Walking around Dinard, with its Belle Époque villas and stripy beach tents, is like taking a trip back to the 19th century. Made popular by British and American visitors, Dinard was France’s top summer resort until the French Riviera took over in the 1930s. The former fishing village attracted wealthy celebrities and businessmen as well as European royalty, some of whom built fabulous villas; there are now more than 400 listed buildings in the town.
Held in late September every year, the Festival du Film Britannique de Dinard has quietly gathered pace to become an important fixture on the festival calendar. British films are often premiered to a French audience during the festival and famous faces grace the boardwalk – just as they might in Cannes...
Dinard has several beaches, which range from small coves to long expanses of sand. The jewel in the crown of this Emerald Coast resort is Place de l’Écluse, which is instantly recognisable in season by its rows of stripy tents; from June to September the beach organises gym classes, kids’ clubs and many other activities. Head to the Plage de St-Enogat for water sports.
The GR34 old customs officer’s path– now a popular hiking trail known for its superb sea views - passes through Dinard and a trip on foot to St-Lunaire, a favourite resort of rich Parisians and French film stars, makes an interesting day out. The village has some nice sandy beaches, an 11th-century Romanesque church and the area of Le Décollé offers sweeping views over the coast. Further west, the seaside village of Saint-Briac-sur-Mer has inspired such artists as Auguste Renoir and Emile Bernard and hosts a waterside 18-hole course, which is said to be one of Europe’s most beautiful golf course.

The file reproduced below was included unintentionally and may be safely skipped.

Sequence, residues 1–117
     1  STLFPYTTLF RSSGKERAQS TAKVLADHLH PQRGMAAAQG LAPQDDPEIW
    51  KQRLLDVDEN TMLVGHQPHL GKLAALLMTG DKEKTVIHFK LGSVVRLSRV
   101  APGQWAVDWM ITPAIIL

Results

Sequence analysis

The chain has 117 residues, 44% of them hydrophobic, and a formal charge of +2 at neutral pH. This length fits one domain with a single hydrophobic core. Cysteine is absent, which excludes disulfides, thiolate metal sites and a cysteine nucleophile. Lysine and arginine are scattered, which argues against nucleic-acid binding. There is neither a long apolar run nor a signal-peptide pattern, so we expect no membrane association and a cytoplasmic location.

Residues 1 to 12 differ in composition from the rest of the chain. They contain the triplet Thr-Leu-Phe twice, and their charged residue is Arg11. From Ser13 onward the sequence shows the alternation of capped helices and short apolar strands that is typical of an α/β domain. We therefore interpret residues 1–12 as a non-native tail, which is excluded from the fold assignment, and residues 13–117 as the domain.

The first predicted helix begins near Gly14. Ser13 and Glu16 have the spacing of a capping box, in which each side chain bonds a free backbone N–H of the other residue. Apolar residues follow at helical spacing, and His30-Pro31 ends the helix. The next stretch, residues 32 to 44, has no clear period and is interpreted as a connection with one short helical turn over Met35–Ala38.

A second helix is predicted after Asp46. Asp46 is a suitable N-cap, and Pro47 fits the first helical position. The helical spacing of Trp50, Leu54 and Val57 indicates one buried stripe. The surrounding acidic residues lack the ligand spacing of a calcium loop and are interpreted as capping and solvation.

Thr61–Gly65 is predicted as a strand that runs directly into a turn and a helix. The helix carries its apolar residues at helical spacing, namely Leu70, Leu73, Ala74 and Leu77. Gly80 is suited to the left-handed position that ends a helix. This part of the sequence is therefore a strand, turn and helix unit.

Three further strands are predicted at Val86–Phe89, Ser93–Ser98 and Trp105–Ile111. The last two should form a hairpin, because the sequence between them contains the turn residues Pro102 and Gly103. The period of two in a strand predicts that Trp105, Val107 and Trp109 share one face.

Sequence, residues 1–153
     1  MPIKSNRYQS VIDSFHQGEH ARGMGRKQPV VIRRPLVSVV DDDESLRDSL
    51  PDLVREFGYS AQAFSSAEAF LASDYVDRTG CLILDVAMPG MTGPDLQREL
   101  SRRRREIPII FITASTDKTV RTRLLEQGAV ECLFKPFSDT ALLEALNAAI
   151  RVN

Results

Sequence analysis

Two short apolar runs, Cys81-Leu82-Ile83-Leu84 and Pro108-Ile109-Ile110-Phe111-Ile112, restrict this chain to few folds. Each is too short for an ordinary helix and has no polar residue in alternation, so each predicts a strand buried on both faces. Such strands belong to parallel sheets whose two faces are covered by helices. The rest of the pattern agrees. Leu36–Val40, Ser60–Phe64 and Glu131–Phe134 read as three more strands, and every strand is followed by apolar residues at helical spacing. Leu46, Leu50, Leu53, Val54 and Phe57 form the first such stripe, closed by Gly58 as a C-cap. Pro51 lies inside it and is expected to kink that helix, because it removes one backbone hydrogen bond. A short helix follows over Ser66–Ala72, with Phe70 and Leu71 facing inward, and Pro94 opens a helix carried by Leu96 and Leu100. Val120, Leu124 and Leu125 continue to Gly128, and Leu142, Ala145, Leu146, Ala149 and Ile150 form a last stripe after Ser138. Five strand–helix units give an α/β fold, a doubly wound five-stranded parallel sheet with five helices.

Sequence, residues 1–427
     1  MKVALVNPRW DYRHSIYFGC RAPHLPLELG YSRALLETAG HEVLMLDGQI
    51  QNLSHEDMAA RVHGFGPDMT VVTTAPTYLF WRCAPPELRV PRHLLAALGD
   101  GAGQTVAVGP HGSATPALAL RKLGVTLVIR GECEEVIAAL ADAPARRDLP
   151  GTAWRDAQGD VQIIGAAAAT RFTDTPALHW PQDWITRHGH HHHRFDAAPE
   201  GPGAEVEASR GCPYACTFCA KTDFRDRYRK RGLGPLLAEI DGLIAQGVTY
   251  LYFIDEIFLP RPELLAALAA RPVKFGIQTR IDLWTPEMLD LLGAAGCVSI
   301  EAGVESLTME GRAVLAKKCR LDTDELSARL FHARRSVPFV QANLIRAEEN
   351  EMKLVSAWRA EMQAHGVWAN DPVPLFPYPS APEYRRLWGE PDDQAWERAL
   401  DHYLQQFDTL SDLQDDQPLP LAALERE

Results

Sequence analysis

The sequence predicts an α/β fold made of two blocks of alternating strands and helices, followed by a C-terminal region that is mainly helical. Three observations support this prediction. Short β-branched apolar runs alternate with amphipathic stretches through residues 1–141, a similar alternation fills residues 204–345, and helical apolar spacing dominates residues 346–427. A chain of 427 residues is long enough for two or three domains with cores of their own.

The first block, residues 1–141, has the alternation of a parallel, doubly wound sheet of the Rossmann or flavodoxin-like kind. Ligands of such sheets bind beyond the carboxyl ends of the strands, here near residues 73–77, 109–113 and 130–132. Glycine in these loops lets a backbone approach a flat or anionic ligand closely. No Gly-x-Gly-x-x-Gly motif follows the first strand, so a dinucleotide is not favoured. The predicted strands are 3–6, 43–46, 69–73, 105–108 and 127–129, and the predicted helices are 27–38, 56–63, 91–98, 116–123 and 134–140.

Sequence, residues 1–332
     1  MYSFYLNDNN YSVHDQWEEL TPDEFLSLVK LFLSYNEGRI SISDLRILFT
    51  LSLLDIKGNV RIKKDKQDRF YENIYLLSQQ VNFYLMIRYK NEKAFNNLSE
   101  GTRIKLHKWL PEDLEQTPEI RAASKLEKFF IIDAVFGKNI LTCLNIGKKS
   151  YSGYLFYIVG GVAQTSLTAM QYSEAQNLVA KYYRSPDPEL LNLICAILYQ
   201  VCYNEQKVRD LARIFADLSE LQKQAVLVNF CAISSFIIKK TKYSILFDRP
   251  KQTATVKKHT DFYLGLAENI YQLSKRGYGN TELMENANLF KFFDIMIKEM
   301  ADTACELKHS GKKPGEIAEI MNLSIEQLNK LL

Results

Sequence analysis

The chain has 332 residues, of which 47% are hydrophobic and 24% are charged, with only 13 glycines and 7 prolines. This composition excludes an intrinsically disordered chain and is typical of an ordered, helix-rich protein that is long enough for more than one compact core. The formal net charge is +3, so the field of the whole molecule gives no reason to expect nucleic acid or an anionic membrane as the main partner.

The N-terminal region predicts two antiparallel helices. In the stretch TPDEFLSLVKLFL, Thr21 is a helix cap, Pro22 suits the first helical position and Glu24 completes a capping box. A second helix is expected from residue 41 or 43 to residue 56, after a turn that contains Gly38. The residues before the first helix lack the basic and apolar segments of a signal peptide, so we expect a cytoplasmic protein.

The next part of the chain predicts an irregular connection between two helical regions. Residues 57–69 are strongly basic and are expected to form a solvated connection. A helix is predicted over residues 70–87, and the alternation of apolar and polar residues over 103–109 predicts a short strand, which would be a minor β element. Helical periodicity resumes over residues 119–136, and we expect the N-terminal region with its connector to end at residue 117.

Order a platter of seafood, with Cancale oysters taking centre stage, and taste the freshness of the sea; all you need is a wedge of lemon on the side, and a drop of white wine to wash it down. Another local culinary treat is the bouchot mussel farmed in Mont Saint Michel Bay, which carries the AOP label (Appellation d'Origine Protégée). Two other local specialities are Mouton pré sale (from sheep left to graze in salt marshes) and salted caramel. The local gastronomy, while influenced by the sea, has plenty to offer if you’ve got a sweet tooth, including the craquelin (a very light wheat cracker) and the Dinan gavotte (a crispy, crêpe-like biscuit).
Heading inland, the spectacular medieval town of Dinan is a little gem waiting to be discovered. Its perfectly preserved cobbled streets, half-timbered houses and colossal walls transport you back in time – and offer plenty of shopping opportunities too. Built on a hill high above the Rance valley, the town still has 3 km of ramparts, four impressive gates, 15 towers and a lattice of cobbled streets lined with beautiful half-timbered houses. Every other summer, the Fête des Remparts brings Dinan’s golden age back to life, with traditional costumes and performances. From Dinan, carry on up to Léhon, designated a Small Town of Character thanks to its rich historical heritage, which includes an abbey-church attached to a former monastery and the ruins of a castle-fortress.